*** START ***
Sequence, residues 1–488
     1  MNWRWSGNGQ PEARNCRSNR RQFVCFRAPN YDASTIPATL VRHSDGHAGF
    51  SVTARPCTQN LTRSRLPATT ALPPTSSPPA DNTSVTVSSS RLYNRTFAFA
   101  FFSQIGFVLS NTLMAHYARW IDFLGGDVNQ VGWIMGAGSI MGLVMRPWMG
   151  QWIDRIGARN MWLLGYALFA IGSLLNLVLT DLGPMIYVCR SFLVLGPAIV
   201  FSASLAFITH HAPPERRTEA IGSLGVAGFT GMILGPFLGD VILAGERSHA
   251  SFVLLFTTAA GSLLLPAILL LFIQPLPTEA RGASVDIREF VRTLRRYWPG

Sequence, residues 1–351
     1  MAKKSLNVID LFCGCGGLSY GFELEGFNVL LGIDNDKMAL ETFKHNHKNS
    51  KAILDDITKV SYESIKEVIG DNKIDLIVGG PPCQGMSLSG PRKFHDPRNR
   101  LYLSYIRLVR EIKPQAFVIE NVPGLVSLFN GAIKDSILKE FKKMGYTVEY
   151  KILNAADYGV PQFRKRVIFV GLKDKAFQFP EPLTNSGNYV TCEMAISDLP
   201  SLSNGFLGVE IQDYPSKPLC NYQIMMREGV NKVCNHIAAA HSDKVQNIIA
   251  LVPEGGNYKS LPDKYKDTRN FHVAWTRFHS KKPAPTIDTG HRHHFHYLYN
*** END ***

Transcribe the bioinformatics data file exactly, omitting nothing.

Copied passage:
Sequence, residues 1–488
     1  MNWRWSGNGQ PEARNCRSNR RQFVCFRAPN YDASTIPATL VRHSDGHAGF
    51  SVTARPCTQN LTRSRLPATT ALPPTSSPPA DNTSVTVSSS RLYNRTFAFA
   101  FFSQIGFVLS NTLMAHYARW IDFLGGDVNQ VGWIMGAGSI MGLVMRPWMG
   151  QWIDRIGARN MWLLGYALFA IGSLLNLVLT DLGPMIYVCR SFLVLGPAIV
   201  FSASLAFITH HAPPERRTEA IGSLGVAGFT GMILGPFLGD VILAGERSHA
   251  SFVLLFTTAA GSLLLPAILL LFIQPLPTEA RGASVDIREF VRTLRRYWPG

Sequence, residues 1–351
     1  MAKKSLNVID LFCGCGGLSY GFELEGFNVL LGIDNDKMAL ETFKHNHKNS
    51  KAILDDITKV SYESIKEVIG DNKIDLIVGG PPCQGMSLSG PRKFHDPRNR
   101  LYLSYIRLVR EIKPQAFVIE NVPGLVSLFN GAIKDSILKE FKKMGYTVEY
   151  KILNAADYGV PQFRKRVIFV GLKDKAFQFP EPLTNSGNYV TCEMAISDLP
   201  SLSNGFLGVE IQDYPSKPLC NYQIMMREGV NKVCNHIAAA HSDKVQNIIA
   251  LVPEGGNYKS LPDKYKDTRN FHVAWTRFHS KKPAPTIDTG HRHHFHYLYN